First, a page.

Chess has been very compulsative and brain related game loved by many countries out there. But Russia has got a very different form. It is the No.1 country when it comes to chess with highest FIDE ranked players.
I will probably tend to ellustrate about the players of Russia with and immense chess talent and love in my upcoming articles, but today I came across this term Called Russian Chess.
Whilst roaming the Web, I found a site on a game called Russian Chess (Russian language site). This is different from the several varieties of Russian Chess featured in ECV. It is a newly created game, or should I say recreated, because there is a story that goes with it, claiming that it is an endeavor to bring back to life a chess variant that was played in Russia before the arrival of OrthoChess, and fell into disuse in part because the clergy opposed games of all manner, but is occasionally alluded to in epic songs and other early sources.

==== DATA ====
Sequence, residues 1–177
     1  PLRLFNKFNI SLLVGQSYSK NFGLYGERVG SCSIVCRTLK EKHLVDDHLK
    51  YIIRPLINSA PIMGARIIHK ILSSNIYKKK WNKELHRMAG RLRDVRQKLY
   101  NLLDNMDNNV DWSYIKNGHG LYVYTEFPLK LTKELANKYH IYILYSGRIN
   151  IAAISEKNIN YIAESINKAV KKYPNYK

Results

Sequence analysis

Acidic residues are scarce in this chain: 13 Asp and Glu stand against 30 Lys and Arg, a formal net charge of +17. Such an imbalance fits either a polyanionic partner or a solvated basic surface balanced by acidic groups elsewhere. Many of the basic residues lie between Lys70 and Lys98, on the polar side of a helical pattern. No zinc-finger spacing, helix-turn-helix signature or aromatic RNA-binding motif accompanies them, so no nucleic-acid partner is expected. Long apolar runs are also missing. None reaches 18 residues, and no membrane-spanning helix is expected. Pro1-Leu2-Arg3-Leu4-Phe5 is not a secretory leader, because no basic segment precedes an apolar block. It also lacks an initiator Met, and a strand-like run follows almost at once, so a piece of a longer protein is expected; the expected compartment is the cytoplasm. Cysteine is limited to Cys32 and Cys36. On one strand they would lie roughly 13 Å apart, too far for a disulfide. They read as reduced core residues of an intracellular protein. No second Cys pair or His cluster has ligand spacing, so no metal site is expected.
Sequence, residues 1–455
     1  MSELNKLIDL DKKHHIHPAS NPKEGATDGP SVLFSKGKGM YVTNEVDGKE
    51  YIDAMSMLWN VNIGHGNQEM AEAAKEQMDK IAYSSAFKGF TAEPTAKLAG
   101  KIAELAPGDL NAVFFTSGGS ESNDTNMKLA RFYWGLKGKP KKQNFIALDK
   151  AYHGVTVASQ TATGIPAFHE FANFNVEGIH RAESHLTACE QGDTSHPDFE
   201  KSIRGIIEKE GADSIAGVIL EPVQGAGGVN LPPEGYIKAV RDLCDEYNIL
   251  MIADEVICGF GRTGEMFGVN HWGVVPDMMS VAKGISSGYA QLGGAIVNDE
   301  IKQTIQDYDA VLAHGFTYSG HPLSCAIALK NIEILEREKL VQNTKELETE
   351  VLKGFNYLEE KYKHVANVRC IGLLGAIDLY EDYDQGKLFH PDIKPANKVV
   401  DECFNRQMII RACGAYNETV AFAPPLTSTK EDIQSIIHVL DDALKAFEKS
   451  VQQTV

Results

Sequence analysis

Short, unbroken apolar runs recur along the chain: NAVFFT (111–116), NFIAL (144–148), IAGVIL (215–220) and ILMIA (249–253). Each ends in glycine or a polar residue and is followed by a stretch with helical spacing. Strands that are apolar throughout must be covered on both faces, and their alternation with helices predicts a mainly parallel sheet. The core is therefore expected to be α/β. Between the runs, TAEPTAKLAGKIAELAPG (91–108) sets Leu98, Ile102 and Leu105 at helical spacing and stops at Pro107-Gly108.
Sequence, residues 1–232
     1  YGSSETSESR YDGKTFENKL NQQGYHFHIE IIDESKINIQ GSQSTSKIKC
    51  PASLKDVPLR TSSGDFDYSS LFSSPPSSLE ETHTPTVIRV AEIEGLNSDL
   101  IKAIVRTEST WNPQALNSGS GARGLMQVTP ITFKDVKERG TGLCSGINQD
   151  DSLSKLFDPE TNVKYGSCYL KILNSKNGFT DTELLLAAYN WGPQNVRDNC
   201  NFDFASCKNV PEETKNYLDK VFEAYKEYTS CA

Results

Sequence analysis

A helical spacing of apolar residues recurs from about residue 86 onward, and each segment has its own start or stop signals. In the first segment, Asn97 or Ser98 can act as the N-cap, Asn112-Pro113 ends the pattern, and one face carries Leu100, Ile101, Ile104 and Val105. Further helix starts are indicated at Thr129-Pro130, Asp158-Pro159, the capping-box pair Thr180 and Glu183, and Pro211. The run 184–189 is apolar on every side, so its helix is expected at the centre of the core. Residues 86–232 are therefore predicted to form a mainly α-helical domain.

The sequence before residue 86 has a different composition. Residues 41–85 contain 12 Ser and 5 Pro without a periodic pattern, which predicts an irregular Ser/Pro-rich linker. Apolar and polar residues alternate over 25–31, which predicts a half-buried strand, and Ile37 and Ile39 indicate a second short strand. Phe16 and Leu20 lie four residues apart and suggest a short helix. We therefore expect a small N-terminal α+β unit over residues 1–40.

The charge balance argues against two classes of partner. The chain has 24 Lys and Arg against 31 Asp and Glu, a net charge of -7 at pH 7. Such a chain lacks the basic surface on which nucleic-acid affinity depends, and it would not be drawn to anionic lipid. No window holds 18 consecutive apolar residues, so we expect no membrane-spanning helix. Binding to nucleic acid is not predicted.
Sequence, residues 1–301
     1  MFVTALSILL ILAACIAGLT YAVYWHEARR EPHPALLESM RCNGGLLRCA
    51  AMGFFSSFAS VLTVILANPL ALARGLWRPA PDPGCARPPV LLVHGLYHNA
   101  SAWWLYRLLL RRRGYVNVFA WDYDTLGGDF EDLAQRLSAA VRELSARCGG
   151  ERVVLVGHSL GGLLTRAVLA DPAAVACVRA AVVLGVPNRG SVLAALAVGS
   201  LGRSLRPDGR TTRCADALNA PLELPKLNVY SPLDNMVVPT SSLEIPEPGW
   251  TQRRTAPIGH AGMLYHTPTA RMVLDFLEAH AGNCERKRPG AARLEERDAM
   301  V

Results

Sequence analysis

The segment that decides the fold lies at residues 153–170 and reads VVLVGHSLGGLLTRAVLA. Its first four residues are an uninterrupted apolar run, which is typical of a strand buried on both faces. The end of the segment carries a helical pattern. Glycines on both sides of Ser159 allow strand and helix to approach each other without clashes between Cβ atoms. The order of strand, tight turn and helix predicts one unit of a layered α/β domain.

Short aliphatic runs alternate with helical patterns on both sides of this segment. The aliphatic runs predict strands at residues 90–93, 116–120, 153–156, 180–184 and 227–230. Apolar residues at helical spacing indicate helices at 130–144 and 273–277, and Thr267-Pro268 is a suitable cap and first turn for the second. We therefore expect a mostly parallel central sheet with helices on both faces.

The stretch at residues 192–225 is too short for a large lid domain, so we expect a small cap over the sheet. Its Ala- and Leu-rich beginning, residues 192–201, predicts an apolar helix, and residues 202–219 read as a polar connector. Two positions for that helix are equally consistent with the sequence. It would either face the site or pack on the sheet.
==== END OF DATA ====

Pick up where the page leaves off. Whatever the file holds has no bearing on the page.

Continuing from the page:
The game, which seems to be gaining momentum in Russia, with tournaments and all, is essentially to OrthoChess as Lasca is to Draughts. It's about building towers out of chessmen. Here's how it goes:
You have an ordinary 8 by 8 board and the ordinary set of 16 men per player, but the men are flat (and stackable) stones, and the Pawns, as in Timur's Great Chess, are related to the officers standing behind them in the initial array. The ranks must be marked on the stones in some such way as to be discernible from the side, so that you can tell what's in a stack without having to disassemble it.
All Orthochess rules apply, including castling and e.p.; but when you capture something (which may be yours as well as your opponent's), you don't take it off the board, rather you climb it and form a stack. A stack belongs to whoever owns the uppermost man, and moves as that man does. It does not have to move as a whole, however; you may move part of the stack and leave the rest behind.
As soon as a Pawn reaches the last rank (alone or as the top of a stack), it is flipped over and from then on moves as the officer that was behind it in the original array (N, B, R or Q); the King's Pawn moves as an Amazon (Q+N). If a promoted Pawn is captured, however, it is demoted to its original estate, as in Japanese Chess. A Pawn brought back to the 2nd rank doesn't get to move two squares again.
Victory is by checkmate.